Entwining Experiences: Feedback Is a Gift

Charles FeathererEgg Harbor Township, New Jersey

Charles Featherer
Egg Harbor Township, New Jersey

This is not the final entry on entwining experiences; I’m sure I’ll write others in time. But this is the last in the planned series. I’ve saved the best — and what I consider the most important — for last.

One of the most important words in Judging is “Feedback.” Feedback is a critical component of the Judge program. Without it, we would be slow to change and adapt both ourselves and the experiences we offer players. It’s the foundation upon which the Exemplar Program is built.

Today I want to borrow from what I feel to be the most important message of the Wood Badge program. Wood Badge, as I’ve explained previously, is a course taught to adult leaders in the Boy Scouts of America and borrows liberally from the corporate world. I’m not sure where the concept I want to share started in its exact form; then again, I don’t feel that is important. What is important is that everyone reading this stop what they’re doing and start to incorporate this concept in everything they do:

Feedback is a Gift

Think about that for a minute. Intellectually, we know how important feedback is to the Judge Program. But to think of it in terms of a gift is a way to really get across to everyone how valuable and valued it should be.

To the recipient, the concept that “Feedback is a Gift” is not necessarily new. Those of us who receive feedback — whether positive, neutral, negative, or anything in between — should hopefully be mature enough to recognize it for the opportunity it gives us. We can find a way to improve. Even after receiving positive feedback, that doesn’t mean we cannot improve further; for example, sometimes that feedback helps us extrapolate a better way to perform a task. Feedback truly is a present for those who receive it and can welcome it.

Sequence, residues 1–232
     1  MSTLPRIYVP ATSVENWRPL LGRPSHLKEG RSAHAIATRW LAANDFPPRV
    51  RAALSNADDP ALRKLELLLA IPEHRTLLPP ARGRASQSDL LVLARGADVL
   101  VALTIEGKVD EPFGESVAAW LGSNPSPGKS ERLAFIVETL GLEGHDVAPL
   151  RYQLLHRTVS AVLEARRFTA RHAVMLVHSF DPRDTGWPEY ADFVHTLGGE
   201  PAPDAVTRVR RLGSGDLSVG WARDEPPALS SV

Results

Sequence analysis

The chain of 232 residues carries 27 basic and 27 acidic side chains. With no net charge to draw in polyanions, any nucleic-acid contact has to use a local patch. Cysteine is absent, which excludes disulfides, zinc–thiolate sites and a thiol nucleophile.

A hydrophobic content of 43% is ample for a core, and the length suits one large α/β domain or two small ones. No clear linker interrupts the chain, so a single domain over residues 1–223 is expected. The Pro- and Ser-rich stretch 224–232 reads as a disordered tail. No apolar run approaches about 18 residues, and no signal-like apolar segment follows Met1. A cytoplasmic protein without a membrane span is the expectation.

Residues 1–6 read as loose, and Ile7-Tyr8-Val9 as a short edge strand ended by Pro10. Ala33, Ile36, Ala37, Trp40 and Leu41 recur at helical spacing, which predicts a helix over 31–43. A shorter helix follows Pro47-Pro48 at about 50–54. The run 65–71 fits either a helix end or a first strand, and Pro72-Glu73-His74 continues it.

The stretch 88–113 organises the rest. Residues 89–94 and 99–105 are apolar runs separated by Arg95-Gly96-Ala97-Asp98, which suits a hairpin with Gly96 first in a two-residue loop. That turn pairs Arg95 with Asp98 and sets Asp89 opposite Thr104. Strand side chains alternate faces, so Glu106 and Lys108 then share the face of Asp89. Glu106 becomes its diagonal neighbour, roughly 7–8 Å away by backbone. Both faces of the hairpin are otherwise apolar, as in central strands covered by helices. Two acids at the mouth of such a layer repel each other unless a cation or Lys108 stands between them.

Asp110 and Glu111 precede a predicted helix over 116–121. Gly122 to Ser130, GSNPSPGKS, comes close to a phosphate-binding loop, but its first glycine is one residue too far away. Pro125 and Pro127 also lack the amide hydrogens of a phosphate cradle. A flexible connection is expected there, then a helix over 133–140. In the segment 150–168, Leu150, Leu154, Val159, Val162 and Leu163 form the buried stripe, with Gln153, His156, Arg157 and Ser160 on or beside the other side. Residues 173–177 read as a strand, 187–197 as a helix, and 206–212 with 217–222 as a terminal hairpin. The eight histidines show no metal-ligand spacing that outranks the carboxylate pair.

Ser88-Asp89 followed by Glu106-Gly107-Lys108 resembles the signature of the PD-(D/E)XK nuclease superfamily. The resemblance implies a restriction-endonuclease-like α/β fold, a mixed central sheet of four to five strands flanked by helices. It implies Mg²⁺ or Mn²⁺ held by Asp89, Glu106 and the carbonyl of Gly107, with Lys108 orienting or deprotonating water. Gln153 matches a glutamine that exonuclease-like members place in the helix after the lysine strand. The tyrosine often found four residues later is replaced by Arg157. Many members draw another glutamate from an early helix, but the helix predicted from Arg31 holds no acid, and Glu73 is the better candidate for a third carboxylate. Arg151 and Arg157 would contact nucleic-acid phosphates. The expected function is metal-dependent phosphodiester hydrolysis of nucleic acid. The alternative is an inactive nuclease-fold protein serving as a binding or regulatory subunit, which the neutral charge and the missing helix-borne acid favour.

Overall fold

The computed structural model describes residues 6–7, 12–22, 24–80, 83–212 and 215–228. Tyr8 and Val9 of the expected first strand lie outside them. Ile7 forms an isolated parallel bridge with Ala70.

When we talk about feedback being a gift, it is important that we also frame this concept on the part of the person or persons giving feedback. Picture the following:

Tim, a young Judge working a large PPTQ for the first time, makes a bad ruling on a simple call about a missed trigger. Tim’s ruling is appealed. The Head Judge makes the necessary change to the ruling. At the end of the day, the Head Judge pulls aside Tim and talks about the call with him.

What, in your experience, is the tone that the Head Judge should take with Tim? What happens if he’s either dismissive or belligerent of Tim’s error? Would it be better to frame the discussion in terms of a conversation or a dressing down?

The way we give feedback matters. I think that idea is so important, I’m going to write it again. The way we give feedback matters.

If the giver of feedback treats the feedback as a gift, then the recipient is more likely to accept it. No one wants to listen to someone who would frame an interaction so negatively that it leaves a bad taste in our mouth. In a case where we start off with voices raised and our hackles up, it’s no longer a situation where it can even be called feedback. That’s now an argument or a fight, depending on your point of view.

Remember this. As you write reviews (and you should) about interactions with other Judges, as you work with them at events, and as you spend time with them, even outside of this world we call Magic…feedback is a gift. It is precious, it has value to the giver and receiver, and above all it can bring joy to our lives.

[Thanks for joining Charles and me throughout this series! We’d love to hear your thoughts on these articles and the concepts within them. Please share your thoughts in the comments, or reach out to me on social media. As Charles said, feedback is a gift: please share yours! — Bearz]